Supplementation with DHA extends sleep by three quarters of an hour
When children take 600 milligrams of DHA from algae every day, they sleep for 45 minutes longer. British researchers at the University of Oxford report this in the Journal of Sleep Research. The researchers suspect that the omega-3 fatty acid enhances the biological effect of the sleep hormone melatonin.
The researchers gave 362 children aged 7-9 years for 16 weeks every day a placebo or 200 milligrams of DHA.
The researchers used an algae-based product from DSM Nutritional Products. DSM sponsored the study.
The researchers had 43 children wear an actigraph at night, a device with which measures if someone is sleeping or awake. In that group, DHA increased the average sleep duration by 46 minutes. In contrast, the amount of sleep of the children who received a placebo decreased by 12 minutes.
The researchers questioned the total group of 362 children about their sleep quality, but had to conclude that the supplementation had virtually no effect.
"These results are in line with the existing literature", the reserachers wrote, "as there are already some reports of associations between poor sleep outcomes and low blood concentrations of omega-3 long chain poly unsaturated fatty acids [J Sleep Res. 2013 Oct;22(5):569-7.] [Am J Clin Nutr. 1995 Oct;62(4):761-8.], as well as some preliminary research indicating benefits for sleep from fatty acid supplementation in children with behavioural problems [Eur J Clin Nutr. 2011 Oct;65(10):1167-9.]."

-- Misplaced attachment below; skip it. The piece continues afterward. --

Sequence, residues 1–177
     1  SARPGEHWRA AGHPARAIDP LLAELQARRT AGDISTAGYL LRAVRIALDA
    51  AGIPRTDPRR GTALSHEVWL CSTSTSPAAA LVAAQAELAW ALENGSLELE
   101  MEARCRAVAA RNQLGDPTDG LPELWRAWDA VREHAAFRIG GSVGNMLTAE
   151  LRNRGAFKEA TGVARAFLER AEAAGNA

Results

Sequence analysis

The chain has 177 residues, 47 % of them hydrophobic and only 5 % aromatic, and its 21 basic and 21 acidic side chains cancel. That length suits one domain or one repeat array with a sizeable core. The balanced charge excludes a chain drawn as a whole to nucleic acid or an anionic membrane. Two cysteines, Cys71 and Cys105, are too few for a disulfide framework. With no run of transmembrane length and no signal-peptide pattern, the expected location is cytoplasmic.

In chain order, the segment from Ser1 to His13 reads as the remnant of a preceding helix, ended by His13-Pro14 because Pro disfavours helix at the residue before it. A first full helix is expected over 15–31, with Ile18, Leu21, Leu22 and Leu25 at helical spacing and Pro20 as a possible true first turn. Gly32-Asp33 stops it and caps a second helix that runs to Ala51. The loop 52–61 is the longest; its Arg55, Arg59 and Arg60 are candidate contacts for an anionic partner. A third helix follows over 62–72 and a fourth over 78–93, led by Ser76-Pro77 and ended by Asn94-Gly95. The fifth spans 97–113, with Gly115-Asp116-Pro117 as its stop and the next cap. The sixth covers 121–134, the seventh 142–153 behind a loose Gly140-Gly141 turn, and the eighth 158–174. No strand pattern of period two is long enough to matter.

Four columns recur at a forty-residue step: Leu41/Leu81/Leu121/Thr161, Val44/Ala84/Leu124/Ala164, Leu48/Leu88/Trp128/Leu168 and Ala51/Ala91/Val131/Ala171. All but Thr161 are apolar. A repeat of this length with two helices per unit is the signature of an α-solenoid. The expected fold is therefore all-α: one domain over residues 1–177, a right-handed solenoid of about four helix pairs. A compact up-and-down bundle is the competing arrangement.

"Importantly, these findings also fit well with theoretical mechanisms, as DHA is the main omega-3 found in the brain and fatty acids are involved in sleep regulation via melatonin metabolism [J Nutr. 2008 Sep;138(9):1719-24.], with increased DHA : AA ratios related directly to the increased secretion of melatonin [Nutr Res. 2012 May;32(5):309-19.]."
"This provides a potential physiological explanation for our finding that DHA supplementation improves sleep continuity and duration."
"The treatment effect observed in the pilot actigraphy for these children was substantial, at almost 1 hour of extra sleep per night on objective measurement", the reserachers wrote. "The physical, mental and social benefits that would be expected to follow from such an improvement are profound."
"This is suggestive that future work in a clinical sample of children with sleep problems would be justified."
J Sleep Res. 2014 Aug;23(4):364-88.
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